A high degree of effervescence in the country, with massive legislative updates both taking hold and still in the works – as well as a potential Prime Minister rotation soon to come – is what keeps lawyers talking in Romania, according to Act Legal Romania Partner Laura Estrade.
“There has been a bit of a slowdown around New Year’s, with many catching a well-deserved break after a very intense 2022 – but 2023 has since kicked off in force across all sectors,” Estrade begins. “The current dynamic of 2023 is quite, quite positive even with the wider geopolitical context of the war and economic turmoil.”
At the end of December 2022, the new whistleblowing legislation entered into force in Romania, which, according to Estrade, means that “companies that have over 250 employees should be very careful and compliant. There hasn’t been any sort of a grace period for this new law, meaning that it applies from day one.” She goes on to add that the National Agency for Integrity announced the launch of a new speak-up channel, to be used by employees to blow the whistle, should the “internal, mandatory corporate channels prove fruitless.” Additionally, she notes that a new “law on social dialogue was enacted, amending the minimum threshold for negotiating a collective bargaining agreement. The new threshold is set at ten employees, down from the previous 21.”
Continuing, Estrade reports a positive change for energy developers. “Starting this January, the urban zoning plan – PUZ – is no longer required for the development of smaller renewable projects. This slims down the project timeline by several months – up to nine in total,” she explains. “Still, this PUZ exemption is only applicable for projects covering under 50 hectares, which ought to be extended to larger projects as well, considering the need for supporting green energy projects overall and for removing the current hurdles placed in the path of large energy undertakings,” she says.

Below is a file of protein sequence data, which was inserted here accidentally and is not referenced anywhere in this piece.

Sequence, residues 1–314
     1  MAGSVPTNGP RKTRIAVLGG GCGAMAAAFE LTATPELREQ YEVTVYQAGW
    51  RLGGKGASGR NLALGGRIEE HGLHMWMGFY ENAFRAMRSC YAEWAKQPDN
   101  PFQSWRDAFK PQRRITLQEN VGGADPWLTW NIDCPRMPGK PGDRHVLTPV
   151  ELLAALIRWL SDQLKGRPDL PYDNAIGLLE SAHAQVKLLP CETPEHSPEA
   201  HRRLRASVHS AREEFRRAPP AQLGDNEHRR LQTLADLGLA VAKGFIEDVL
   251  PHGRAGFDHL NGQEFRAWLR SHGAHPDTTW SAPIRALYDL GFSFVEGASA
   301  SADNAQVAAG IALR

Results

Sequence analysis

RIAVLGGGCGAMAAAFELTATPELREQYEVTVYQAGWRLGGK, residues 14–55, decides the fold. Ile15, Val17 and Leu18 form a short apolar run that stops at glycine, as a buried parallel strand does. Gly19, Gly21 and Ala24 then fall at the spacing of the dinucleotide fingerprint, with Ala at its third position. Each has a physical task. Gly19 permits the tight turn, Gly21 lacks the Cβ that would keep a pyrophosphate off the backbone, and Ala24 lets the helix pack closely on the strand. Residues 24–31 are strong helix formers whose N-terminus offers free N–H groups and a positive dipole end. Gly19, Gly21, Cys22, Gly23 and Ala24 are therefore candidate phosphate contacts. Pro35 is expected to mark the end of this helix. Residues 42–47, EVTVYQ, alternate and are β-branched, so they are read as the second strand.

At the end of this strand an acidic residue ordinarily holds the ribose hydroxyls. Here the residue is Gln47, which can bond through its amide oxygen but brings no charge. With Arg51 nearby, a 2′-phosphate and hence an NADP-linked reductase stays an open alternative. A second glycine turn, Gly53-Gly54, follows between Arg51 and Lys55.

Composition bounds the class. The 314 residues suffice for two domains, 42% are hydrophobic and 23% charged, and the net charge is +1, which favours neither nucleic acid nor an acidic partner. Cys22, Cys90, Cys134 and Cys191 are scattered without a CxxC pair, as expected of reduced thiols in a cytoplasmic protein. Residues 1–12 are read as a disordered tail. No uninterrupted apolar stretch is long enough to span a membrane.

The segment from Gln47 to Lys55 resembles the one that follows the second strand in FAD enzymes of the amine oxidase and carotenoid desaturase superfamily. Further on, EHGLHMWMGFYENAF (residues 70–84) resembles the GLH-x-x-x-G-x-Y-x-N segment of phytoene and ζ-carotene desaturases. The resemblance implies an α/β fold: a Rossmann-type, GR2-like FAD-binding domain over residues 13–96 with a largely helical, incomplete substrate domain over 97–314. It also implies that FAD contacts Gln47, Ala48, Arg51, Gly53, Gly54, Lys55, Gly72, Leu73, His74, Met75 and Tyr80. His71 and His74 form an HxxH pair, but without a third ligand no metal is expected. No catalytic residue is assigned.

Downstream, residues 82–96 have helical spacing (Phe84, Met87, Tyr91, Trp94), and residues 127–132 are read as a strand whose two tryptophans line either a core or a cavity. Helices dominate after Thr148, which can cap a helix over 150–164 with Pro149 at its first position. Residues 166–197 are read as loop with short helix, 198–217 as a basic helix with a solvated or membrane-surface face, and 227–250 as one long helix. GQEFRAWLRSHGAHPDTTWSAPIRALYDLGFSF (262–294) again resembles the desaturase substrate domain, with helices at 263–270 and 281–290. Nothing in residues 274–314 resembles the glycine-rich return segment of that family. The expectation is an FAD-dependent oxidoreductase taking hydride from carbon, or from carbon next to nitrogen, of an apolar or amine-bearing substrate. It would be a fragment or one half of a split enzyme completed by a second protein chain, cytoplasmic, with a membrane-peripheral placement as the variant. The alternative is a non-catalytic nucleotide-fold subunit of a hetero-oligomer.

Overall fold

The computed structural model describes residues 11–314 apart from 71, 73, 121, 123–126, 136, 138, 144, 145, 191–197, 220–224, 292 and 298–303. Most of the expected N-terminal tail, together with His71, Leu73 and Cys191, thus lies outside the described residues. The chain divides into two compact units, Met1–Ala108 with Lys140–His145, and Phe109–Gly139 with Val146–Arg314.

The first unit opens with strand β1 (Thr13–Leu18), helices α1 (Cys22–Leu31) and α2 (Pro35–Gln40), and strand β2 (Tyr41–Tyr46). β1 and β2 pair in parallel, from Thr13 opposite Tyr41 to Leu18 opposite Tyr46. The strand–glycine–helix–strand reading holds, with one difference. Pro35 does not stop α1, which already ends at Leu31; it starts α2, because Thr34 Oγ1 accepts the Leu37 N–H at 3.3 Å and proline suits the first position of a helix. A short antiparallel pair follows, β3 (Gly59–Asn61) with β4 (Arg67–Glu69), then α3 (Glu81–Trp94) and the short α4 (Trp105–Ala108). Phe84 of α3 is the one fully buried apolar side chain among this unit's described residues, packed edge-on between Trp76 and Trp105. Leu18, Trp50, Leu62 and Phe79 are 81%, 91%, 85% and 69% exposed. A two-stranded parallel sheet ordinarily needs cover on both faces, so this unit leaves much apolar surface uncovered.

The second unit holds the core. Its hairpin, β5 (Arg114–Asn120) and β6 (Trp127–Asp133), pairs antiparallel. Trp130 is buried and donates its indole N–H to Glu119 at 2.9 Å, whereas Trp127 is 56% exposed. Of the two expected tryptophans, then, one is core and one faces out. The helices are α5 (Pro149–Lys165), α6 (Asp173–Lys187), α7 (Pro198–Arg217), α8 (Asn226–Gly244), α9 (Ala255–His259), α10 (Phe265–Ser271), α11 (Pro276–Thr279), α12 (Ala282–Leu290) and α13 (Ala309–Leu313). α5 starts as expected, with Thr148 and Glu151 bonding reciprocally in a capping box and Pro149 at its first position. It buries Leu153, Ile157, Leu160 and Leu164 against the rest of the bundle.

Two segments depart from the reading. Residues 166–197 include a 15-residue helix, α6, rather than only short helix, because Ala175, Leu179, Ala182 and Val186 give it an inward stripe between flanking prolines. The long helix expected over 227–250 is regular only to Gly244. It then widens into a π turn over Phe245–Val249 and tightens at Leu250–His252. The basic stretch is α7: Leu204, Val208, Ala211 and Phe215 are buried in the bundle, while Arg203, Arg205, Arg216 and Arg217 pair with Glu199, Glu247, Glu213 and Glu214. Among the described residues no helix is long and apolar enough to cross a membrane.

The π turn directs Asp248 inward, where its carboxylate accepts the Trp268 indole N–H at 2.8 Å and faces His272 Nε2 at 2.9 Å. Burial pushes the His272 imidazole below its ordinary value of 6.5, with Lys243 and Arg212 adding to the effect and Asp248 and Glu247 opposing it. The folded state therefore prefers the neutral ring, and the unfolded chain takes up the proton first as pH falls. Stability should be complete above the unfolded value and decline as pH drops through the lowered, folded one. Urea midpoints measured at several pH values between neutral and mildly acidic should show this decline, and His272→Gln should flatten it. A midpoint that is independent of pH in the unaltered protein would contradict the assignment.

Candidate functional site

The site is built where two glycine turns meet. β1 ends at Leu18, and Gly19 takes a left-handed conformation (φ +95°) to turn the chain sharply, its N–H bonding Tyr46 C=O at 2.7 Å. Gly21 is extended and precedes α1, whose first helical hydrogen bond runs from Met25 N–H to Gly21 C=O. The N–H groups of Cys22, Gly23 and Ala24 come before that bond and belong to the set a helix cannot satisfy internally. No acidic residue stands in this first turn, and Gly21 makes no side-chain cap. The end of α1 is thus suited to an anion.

“Another thing that the business community would appreciate clarity on is the new FDI screening procedure,” Estrade continues. “The new procedure was introduced in 2022 – seeking to implement EU regulation, which is understandable, considering everything that has been going on in the world in the past several years – but clarity is sorely lacking for businesses,” she explains. “The scope of the implementation, as well as the implementation calendar, are lacking and we are all waiting for a new law which should approve the ordinance and for guidelines from the authorities.”
Finally, Estrade reports that the current government coalition, formed by the liberals, social democrats, and Alliance for Hungarians in Romania, has “started to more actively discuss the rotation in the Prime Minister position. This would lead to a new Prime Minister coming into office in May 2023, this time from the ranks of the social democrats, and taking over from the current Prime Minister, a liberal,” she says. “As you can see, with all of these updates and goings on, it is safe to say that we are finding ourselves in the midst of a very active year, even though it has only just started,” Estrade concludes.